How to Certify Copies

Updated November 22, 2016

There are many reasons that you may need a certified copy of a document. A certified copy is a copy of a document that is certified to be a true and accurate copy of the original by a person that has been authorised by the legislature of your state to certify documents. Common examples of documents that you may need to have certified include birth certificates, death certificates, divorce decrees, business records and civil and criminal judgments.

Determine who originally issued the document. In the case of birth or death records, for example, it will generally be the Department of Vital Records or the Department of Health. For other court records, it will be the court where the document was originally filed. Business records can usually be obtained from the Secretary of State where the business is registered.

Locate contact information for the office, agency or court that needs to certify the document. If it is a court that issued the document, look for contact information for the Clerk of Courts, as the clerk is the person who generally certifies documents. Contact information can be found online or at your local library.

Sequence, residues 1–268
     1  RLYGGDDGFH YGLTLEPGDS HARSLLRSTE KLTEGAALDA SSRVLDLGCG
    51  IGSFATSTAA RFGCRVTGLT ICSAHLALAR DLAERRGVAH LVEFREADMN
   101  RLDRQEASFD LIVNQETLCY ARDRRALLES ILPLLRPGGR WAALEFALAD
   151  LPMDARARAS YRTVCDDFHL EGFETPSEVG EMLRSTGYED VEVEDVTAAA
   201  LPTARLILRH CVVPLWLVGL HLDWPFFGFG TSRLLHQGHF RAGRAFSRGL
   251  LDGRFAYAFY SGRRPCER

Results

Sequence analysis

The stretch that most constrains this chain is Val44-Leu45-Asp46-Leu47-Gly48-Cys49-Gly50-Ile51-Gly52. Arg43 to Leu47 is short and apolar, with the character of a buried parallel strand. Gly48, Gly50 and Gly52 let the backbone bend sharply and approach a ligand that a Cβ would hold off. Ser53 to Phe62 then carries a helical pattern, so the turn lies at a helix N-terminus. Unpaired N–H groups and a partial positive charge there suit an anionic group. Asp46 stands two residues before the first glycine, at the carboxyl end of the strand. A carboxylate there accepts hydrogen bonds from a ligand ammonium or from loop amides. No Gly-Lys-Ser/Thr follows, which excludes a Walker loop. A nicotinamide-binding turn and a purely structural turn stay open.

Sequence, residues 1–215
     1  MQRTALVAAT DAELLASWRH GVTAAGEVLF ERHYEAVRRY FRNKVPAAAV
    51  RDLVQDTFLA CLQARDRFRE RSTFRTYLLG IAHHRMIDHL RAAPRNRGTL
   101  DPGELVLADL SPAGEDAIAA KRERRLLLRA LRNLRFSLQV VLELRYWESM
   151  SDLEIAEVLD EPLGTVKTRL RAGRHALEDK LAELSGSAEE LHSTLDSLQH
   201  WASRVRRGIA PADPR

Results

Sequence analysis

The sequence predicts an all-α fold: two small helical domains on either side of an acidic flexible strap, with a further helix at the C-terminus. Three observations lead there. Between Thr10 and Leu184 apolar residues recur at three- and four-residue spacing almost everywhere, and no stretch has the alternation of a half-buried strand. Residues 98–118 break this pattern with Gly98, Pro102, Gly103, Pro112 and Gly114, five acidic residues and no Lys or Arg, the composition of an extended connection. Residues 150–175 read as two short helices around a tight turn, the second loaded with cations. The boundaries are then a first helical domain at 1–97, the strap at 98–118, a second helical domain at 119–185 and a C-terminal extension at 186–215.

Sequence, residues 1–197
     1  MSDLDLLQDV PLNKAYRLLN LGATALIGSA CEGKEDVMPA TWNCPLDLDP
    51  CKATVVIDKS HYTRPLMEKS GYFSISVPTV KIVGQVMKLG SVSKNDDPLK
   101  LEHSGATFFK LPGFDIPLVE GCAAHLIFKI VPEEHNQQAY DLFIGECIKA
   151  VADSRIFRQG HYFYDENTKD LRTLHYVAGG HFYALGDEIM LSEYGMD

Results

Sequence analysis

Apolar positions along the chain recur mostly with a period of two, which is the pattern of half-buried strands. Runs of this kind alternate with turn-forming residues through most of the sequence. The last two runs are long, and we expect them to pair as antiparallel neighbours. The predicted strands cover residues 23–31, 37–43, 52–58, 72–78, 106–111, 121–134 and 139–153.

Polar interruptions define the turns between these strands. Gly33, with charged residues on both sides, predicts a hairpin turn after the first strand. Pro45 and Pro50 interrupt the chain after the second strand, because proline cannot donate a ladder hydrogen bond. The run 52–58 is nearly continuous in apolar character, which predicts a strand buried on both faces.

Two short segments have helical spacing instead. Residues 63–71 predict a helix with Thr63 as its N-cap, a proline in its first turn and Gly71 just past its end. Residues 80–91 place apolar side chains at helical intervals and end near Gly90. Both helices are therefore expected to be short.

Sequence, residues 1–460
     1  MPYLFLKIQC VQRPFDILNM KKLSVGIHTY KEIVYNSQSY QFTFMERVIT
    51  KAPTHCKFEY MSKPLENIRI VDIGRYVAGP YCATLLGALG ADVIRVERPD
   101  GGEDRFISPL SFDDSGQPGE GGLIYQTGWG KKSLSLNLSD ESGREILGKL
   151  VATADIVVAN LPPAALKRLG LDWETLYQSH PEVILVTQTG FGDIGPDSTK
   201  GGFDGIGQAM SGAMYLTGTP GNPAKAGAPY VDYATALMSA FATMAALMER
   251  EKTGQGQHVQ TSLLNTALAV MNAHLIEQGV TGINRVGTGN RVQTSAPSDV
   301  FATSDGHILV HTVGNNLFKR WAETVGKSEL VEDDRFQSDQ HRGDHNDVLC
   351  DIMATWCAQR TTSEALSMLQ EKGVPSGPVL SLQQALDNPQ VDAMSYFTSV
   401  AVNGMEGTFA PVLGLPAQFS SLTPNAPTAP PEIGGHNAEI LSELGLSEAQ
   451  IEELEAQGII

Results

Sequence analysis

Determine what steps must be taken to obtain a certified copy. If you are using the Internet, you will most likely be able to find the steps necessary on the agency, court or office's website. If not, call them directly and ask what you must do to obtain a certified copy. Most of the time, you will need to prove your identity and why you are entitled to the document. You will also need to pay a fee for certification.

Mail all the required information along with the certification fee and a self-addressed stamped envelope if you can complete the entire transaction via mail. If you must appear in person, take all your information and the certification fee with you to the office and you should receive your certified copy that day.


Ask what form of payment they accept. You may have to send a money order, as many government offices no longer accept personal checks.


If requesting a certified copy by mail, make sure that you give precise information regarding the document you need or your request may be sent back unfulfilled. Also, make sure that you are one of the people listed as legally entitled to the document. This will apply for birth or death records.

Things You'll Need

  • Copy of the original document
  • State or federal identification
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About the Author

Renee Booker has been writing professionally since 2009 and was a practicing attorney for almost 10 years. She has had work published on Gadling, AOL's travel site. Booker holds a Bachelor of Arts in political science from Ohio State University and a Juris Doctorate from Indiana University School of Law.